• Was there anything which made you uncomfortable or discouraged during this experience?
  • What helped or hindered you through this process?
  • How did this experience challenge your assumptions and stereotypes?
  • What you would change if you had the opportunity to repeat this activity?
  • What skills did you develop or improve as a result of this experience?
  • How will this experience benefit you in the future?
  • What have you learned about yourself?

I highly recommend keeping a “reflection journal” which can take the form of a dedicated notebook or a simple Word document.  The act of jotting down notes will help you internalize your takeaways and apply what you have learned to the next experience.

Now you know what to do and how to do it.  Do yourself a favour and schedule in some time to reflect as this academic year comes to a close.  If you seriously apply the learnings from this effort to new experiences (i.e. new coursework) you should see results.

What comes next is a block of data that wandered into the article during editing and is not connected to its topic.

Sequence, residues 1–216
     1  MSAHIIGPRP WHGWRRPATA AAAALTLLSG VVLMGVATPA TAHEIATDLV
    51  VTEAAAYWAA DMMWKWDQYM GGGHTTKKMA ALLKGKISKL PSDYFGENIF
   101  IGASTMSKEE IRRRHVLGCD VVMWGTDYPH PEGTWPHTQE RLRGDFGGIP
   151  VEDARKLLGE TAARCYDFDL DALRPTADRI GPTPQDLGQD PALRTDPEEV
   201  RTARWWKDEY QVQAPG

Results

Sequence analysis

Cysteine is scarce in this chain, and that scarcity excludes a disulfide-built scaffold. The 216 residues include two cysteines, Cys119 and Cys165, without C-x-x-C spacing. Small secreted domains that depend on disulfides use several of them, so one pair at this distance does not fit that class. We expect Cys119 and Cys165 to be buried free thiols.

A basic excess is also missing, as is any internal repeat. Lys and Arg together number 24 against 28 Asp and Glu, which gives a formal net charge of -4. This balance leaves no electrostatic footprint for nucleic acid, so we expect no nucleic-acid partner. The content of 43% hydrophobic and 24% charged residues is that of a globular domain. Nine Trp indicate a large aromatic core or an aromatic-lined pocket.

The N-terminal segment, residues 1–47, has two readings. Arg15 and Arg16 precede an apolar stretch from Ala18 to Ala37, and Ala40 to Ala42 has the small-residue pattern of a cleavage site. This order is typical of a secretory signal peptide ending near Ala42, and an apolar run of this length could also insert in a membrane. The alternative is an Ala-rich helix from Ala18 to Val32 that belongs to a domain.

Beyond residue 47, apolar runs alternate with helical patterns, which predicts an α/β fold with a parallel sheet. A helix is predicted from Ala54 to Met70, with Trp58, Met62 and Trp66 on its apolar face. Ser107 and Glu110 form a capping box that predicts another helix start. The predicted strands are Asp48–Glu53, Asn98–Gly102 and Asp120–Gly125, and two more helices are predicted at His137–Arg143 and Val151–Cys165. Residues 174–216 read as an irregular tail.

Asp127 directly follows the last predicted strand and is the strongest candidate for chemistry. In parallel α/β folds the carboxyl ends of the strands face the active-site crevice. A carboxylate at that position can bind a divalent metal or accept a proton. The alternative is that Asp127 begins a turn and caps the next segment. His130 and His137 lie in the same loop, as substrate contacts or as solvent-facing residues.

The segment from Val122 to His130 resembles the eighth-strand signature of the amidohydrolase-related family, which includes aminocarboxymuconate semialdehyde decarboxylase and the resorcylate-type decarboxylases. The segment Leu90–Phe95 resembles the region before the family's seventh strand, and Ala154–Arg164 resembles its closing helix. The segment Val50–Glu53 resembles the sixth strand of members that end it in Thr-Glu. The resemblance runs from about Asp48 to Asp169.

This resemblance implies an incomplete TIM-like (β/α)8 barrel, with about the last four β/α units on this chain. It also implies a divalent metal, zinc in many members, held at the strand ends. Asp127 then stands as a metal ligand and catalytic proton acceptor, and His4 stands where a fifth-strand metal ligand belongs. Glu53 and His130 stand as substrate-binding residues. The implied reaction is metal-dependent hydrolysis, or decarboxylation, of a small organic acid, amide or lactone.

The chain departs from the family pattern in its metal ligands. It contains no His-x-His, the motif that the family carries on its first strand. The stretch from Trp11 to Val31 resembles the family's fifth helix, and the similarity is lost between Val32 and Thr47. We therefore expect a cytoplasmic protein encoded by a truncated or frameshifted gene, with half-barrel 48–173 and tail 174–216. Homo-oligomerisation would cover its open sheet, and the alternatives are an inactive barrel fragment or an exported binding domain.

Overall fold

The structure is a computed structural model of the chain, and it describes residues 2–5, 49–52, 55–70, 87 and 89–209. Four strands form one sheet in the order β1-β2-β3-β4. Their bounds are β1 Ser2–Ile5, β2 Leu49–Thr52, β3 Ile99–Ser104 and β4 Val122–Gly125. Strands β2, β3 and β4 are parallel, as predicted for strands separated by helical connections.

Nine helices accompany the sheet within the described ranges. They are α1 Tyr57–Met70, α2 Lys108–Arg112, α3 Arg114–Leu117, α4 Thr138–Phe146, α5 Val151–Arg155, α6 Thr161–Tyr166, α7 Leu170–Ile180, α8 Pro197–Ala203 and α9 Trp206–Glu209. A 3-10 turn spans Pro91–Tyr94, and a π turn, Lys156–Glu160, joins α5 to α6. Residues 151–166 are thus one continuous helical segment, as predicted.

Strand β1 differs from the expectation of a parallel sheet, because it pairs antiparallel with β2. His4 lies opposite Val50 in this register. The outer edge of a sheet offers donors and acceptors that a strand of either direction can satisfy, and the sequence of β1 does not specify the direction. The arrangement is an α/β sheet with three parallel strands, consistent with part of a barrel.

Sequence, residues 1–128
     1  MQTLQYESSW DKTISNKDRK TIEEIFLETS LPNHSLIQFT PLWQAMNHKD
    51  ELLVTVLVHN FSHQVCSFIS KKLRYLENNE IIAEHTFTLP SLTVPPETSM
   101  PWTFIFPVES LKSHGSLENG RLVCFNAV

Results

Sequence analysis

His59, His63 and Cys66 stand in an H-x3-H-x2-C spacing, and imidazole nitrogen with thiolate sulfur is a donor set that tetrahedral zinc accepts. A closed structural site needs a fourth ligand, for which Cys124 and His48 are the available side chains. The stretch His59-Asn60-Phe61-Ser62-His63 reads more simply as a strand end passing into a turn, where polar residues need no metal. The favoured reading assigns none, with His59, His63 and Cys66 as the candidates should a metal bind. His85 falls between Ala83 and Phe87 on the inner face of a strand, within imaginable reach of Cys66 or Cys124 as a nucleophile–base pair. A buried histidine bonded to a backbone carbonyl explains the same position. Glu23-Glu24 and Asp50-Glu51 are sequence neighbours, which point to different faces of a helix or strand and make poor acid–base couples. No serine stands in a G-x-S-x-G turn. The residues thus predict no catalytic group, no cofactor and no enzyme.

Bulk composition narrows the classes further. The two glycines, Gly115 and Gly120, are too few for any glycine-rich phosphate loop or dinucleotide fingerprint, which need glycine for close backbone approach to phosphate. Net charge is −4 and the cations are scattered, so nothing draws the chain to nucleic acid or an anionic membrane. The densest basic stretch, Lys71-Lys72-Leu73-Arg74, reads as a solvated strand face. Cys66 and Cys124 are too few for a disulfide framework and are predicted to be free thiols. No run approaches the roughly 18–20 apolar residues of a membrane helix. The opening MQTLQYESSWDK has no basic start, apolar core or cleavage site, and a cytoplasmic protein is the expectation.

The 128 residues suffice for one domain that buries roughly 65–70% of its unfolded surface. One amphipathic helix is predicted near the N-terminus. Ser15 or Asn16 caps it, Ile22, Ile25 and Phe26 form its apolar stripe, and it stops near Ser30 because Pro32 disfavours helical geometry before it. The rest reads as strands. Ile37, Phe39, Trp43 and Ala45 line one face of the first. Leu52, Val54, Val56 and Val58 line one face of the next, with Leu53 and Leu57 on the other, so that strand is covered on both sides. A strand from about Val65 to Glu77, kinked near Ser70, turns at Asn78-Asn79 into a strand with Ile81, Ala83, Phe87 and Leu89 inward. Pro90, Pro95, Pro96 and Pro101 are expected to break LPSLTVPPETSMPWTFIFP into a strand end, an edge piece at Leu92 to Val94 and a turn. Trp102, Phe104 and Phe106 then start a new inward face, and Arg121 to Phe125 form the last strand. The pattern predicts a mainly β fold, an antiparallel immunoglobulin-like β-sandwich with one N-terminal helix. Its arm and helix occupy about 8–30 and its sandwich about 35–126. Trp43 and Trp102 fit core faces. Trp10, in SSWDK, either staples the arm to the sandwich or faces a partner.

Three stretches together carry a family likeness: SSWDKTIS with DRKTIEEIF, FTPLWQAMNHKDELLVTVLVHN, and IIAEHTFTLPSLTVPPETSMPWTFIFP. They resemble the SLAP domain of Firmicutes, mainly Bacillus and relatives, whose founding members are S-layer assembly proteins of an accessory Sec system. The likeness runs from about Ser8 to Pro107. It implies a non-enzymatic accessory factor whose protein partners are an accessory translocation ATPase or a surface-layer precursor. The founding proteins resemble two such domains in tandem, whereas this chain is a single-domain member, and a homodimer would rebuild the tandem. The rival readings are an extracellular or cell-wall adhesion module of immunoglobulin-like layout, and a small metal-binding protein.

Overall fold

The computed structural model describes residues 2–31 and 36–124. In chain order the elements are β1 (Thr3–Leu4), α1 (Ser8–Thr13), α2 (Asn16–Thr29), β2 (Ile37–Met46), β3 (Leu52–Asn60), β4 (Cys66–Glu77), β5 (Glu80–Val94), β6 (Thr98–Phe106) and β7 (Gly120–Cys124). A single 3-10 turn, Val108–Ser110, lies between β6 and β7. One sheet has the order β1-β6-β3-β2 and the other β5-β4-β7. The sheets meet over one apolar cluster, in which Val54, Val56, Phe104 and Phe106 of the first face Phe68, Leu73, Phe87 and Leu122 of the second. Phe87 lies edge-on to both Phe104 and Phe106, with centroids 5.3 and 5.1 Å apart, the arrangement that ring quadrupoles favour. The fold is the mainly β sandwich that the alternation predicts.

photo credit: <a href=”http://www.flickr.com/photos/gemmabou/7226316180/”>Gemma Bou</a> via <a href=”http://photopin.com”>photopin> <a href=”http://creativecommons.org/licenses/by-nc-nd/2.0/”>cc</a>

Leave a comment

Filed under "Success"

Stop Multitasking Already and Focus!

Time Lost

How many of you are proud of your ability to “multitask”?  How many of you would add this skill to your resume/cover letter or even share it as one of your strengths during a job interview?

If you answered in the affirmative to any of these questions, STOP IT NOW! 

Multitasking is not something to be proud of and should be avoided at all costs.

Study after study points to the dangers of multitasking in both the workplace and in everyday life.  Has anyone heard of the distracted driving laws in place all across Canada?  See Christine Rosen’s article entitled The Myth of Multitasking for more fascinating examples.

What if I told you that multitasking in the classroom or while studying is ineffective?  This is absolutely true according to my observations.  But if you don’t believe me (fair enough) you can check out the findings from a recent study conducted by researchers from York University’s Department of Psychology who found that students who use a laptop to browse the Internet while listening to a lecture performed poorly.  Get this.  It’s not just the offending Internet surfer who is affected.  The study also found that students sitting near the offender were impacted negatively.  This is pretty powerful stuff.